Contrary to daylight saving time, autumn is the time to spring forward. Gardeners who plant spring-blooming bulbs during fall planting will be rewarded next season, when flowers seem to magically appear in February and March.
One of my favorite early bloomers is a little bulb called Iris reticulata or reticulated iris. This hardy (Zone 5) dwarf iris grows on short stems and seems to pop up exactly when I need a reminder that spring is on the way. I've planted these bulbs close to the sidewalk so I'm sure to see them the moment they emerge.
Spring wouldn't be the same around here without the cheery daffodils I've planted in every imaginable spot. I added daffodil bulbs to my landscape each autumn for years until I simply ran out of garden space.
The bulbs include different varieties of daffodils in all sizes and colors. I'm especially fond of the yellow daffodils with bright-orange trumpets, and the white Narcissus with pink trumpets. Some varieties, such as white 'Thalia', are fragrant too. The benefit of planting a daffodil collection is staggered bloom times throughout spring.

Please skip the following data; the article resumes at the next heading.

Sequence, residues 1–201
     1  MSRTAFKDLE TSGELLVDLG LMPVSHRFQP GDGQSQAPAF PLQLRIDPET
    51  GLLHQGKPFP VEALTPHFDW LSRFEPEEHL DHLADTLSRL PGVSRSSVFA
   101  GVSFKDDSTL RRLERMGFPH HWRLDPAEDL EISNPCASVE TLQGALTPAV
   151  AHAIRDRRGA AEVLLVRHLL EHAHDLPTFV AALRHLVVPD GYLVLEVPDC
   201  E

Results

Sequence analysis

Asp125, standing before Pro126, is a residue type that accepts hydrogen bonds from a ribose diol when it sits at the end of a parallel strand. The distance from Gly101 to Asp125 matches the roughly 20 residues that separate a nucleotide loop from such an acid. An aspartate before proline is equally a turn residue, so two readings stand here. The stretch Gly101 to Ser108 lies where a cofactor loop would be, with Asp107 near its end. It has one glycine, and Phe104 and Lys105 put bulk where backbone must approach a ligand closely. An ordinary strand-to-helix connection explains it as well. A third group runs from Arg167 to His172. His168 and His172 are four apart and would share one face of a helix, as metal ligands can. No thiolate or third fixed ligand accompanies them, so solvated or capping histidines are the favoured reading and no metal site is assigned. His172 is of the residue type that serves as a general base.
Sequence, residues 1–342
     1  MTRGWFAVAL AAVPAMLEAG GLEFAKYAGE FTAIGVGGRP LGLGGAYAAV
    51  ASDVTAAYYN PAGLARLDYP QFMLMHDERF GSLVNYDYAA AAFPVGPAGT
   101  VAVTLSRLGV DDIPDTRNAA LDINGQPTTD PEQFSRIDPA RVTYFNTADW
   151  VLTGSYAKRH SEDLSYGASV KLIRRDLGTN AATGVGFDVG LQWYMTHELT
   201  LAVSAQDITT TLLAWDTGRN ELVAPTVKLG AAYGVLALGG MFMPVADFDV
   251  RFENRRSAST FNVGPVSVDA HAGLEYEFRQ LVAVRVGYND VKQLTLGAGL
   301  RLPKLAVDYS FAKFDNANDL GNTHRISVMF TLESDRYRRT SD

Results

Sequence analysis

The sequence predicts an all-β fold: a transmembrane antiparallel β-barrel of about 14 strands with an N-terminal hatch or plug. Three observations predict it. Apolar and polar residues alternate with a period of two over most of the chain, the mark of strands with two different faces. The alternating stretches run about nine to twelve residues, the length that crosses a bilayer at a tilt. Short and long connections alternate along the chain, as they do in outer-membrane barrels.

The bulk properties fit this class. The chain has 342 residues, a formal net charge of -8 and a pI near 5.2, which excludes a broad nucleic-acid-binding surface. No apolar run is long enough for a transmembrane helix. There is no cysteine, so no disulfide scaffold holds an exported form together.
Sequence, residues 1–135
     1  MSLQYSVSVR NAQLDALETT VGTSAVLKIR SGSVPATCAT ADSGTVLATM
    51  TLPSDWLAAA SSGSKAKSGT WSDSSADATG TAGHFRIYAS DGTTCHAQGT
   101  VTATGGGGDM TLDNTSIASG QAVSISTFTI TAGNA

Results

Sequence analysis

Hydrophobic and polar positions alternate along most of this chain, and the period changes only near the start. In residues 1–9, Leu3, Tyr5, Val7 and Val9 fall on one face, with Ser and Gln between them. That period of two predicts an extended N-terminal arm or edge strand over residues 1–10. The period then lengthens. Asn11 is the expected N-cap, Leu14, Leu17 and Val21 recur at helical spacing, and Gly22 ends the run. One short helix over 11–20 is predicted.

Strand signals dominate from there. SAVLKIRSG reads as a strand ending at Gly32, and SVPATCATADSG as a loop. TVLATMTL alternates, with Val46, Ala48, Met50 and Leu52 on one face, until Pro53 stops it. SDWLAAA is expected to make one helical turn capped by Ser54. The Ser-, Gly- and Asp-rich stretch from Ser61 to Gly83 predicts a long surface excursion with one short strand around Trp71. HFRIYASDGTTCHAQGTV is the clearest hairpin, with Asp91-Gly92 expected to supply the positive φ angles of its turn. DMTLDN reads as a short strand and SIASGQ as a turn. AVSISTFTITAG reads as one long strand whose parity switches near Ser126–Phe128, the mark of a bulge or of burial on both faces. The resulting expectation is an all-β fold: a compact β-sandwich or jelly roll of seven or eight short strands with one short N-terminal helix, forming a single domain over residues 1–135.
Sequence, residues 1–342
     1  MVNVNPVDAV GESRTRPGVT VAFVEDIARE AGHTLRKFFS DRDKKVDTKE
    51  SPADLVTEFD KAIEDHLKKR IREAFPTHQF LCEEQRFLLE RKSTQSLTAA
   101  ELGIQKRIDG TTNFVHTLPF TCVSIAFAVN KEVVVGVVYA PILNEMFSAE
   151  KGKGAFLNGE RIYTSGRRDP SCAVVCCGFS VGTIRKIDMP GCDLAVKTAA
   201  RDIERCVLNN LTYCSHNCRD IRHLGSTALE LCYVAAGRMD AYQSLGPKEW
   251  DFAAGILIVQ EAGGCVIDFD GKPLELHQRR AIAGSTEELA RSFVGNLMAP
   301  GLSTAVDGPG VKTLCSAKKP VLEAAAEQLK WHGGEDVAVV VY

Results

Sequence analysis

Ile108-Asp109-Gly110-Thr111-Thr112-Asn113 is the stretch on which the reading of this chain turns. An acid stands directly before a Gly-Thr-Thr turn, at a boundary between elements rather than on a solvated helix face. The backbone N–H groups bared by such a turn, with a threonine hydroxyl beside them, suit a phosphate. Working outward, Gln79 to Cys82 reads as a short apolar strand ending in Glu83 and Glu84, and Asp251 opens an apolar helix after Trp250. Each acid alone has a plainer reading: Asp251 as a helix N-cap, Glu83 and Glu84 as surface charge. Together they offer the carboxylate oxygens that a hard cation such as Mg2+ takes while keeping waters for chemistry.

In spring I also love the look of a garden bed filled with a mass planting of a single color of tulips. However, for a more spectacular display select large, classic blooms in a wild mix of colors, and plant tulips in long swaths through garden beds.
If you're looking for something a little different than traditional daffodils and tulips, alliums are nice choices. A cousin to onions, allium has tall stems, and round heads made up of hundreds of tiny flowers that grow in a ball shape. You can use alliums as accent flowers in any garden.
While you're busy with fall planting in the flower garden, be sure to add a few garlic bulbs to the vegetable bed. Garlic planted in fall will be ready to harvest in midsummer.
What spring-blooming bulbs are you planting this fall? Please share your favorites here.